Instead, I’m going to keep a few simple lists of what I read and watch. (You’ll find them in the right-hand column.) When I have something more to say about a book or a movie, I’ll post a log and link to it from the list.

This change should keep me from living under a perpetual (and demoralizing) backlog of “posts that must be written!” and will hopefully create some space for me to write about other things.

 July 17, 2016  Reflections Tagged with:
Jun 132016
 

My first gay bar was the Palace Saloon in Fairbanks, Alaska. Like me, the Palace lived something of a double life. By day it was a simple old-timey bar and theatre nestled inside Alaskaland, a sad sad tourist attraction that recreated the state’s gold mining past. But Friday nights, at closing time, the Palace would slough off its dead skin and bristle with new life as the various and sundry drinkers and chatterers from the early evening would take off, leaving behind the rest of us, the queer people, all there for the drag show and a late night of dancing.

Palace SaloonI was young, confused, and very much not out when friends first suggested I go to the Palace. They didn’t tell me much about what I’d see, but I remember the show like it was yesterday. One of the queens was a colleague from school, done up with sparkly lips, tall hair and towel holders stuck to the tips of her bust in a parody of nipple rings. She sang and strutted from one end of the stage to the other, magnificent and glorious, and I thought she was too wonderful for words. The other queen was pure realness. Rising up out of a flower in a sequined dress in nude fabric, she danced like a serpent as Fiona Apple’s “First Taste” slowly burned up the speakers. She was named Michelle Star.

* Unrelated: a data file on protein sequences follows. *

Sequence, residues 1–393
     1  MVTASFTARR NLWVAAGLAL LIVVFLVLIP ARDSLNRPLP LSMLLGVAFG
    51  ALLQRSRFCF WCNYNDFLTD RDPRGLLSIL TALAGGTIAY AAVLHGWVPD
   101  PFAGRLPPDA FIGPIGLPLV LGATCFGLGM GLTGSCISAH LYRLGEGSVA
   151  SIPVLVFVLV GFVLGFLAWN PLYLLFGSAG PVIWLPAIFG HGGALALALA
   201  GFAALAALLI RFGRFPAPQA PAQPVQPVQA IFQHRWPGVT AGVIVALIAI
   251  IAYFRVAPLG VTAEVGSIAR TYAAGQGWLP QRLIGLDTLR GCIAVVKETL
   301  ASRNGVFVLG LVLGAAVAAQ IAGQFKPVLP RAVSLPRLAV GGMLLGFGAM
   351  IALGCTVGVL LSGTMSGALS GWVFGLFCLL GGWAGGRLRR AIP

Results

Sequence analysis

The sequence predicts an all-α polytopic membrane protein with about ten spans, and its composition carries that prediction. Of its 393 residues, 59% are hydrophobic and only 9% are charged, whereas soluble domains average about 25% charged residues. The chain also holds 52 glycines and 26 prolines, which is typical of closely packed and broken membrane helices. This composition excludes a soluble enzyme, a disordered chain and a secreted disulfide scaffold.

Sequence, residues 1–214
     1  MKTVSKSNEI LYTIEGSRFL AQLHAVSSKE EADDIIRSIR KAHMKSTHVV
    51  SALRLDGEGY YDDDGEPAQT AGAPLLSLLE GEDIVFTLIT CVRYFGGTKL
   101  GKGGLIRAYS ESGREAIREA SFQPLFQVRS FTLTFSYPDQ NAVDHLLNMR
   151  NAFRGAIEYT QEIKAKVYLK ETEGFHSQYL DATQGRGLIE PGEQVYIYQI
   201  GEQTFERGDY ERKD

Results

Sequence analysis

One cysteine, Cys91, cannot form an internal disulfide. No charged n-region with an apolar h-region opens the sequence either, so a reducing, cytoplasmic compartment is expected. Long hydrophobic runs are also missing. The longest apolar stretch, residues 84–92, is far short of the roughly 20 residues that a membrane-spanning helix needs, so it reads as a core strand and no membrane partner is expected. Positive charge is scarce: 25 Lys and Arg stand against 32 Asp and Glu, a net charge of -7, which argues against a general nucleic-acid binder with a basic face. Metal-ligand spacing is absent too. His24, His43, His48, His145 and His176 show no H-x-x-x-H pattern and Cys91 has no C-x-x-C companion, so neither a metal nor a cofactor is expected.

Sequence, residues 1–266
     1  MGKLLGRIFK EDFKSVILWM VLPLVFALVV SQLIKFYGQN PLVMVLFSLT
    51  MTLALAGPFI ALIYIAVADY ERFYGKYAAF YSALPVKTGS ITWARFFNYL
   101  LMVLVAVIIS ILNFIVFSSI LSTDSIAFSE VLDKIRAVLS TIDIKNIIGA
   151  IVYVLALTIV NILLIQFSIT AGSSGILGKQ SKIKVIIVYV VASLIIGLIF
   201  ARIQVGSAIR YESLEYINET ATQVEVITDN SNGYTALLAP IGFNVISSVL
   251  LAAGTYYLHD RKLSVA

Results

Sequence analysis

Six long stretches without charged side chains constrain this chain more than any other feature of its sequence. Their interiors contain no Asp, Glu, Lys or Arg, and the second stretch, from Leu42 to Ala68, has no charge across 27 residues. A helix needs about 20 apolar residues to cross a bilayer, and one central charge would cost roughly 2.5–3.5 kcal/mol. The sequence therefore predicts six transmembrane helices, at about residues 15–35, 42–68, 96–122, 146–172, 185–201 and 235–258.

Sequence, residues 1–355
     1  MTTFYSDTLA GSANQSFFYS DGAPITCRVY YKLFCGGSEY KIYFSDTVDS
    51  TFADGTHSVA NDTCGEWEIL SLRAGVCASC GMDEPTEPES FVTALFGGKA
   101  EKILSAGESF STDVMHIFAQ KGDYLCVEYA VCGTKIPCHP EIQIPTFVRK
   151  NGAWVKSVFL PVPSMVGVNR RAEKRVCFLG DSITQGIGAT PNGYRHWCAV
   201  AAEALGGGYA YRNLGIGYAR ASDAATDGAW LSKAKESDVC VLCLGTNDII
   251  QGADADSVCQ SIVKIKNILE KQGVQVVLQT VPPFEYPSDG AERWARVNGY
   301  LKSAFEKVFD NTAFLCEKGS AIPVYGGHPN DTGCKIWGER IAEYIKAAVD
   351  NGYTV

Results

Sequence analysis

My second gay bar was The Castle and it was set off a busy boulevard in a grimy section of Greenville, South Carolina. Friday and Saturday nights were packed. There was music and dancing and often shows. The man who cut my hair was the Grand Dame of the queens, but we had an understanding and never talked about the one world when we were in the other. The vibe of the place was good, my friends made it better, and I met some great people there.

The CastleStill, it was the South in the 90s and sex between men was a felony. So there were problems. By municipal regulation, the bar was a membership club: anyone could join, but once you did, your name was on file. Two police cars were parked outside the entrance, and officers stood on either side of the doors watching as you came and went. For all the community feeling and excitement inside, the bar sat there like a bunker in the darkness. Yes, it offered a place for men to dance and touch and kiss and whatever, but it also provided a focus for surveillance and a potential target for violence. This was the stage on which, newly and only barely out, I practiced being a gay man, and each night before I stepped outside to walk quickly to my car, I pulled out my keys and got them ready in my hand.

Not everyone was like that though. I remember one beautiful young boy who was there every weekend. He danced in the center of the dance floor, and more nights than not, took someone from the bar out to his car, and after a bit, they’d come back. At first I thought this was about drugs, but then one week as I was leaving I saw him down the row of cars in his backseat with a guy and realized that it was not. After this, each time he walked past the cops with someone to his car, I wondered if this would be the time he was set upon and beaten by passerbys and wondered too why (or how) he didn’t think about this.

This threat of violence was even more pronounced at the other gay bar in town, the 621. Or “The Nine,” as a friend (and my self-styled fairy godmother) called it. The Nine was a small, cramped and wretched place set beside the municipal airstrip and notable only for the line of cars and trucks pulled into parking spaces under the shadows of the trees at the back of the lot. Men would come to walk beneath the street lamps in front of the lined up cars. If someone was interested, they’d flash their lights and the guy would get in. I remember seeing this happening the night I got my friends to bring me there and it terrified me. There were no police, and everything happened in darkness. The scene captured my sense of the dangers gay life in the South entailed and I recoiled and hid.